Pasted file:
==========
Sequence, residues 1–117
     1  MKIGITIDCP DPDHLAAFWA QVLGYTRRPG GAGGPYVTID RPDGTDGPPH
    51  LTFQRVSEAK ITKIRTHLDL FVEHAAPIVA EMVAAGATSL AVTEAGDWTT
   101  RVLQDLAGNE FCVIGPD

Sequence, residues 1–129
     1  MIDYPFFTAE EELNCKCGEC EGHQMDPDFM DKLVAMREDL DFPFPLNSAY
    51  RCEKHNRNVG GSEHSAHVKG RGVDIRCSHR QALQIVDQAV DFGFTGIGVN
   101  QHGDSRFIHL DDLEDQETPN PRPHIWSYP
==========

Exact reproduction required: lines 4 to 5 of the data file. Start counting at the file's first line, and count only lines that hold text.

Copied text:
   101  RVLQDLAGNE FCVIGPD

Sequence, residues 1–129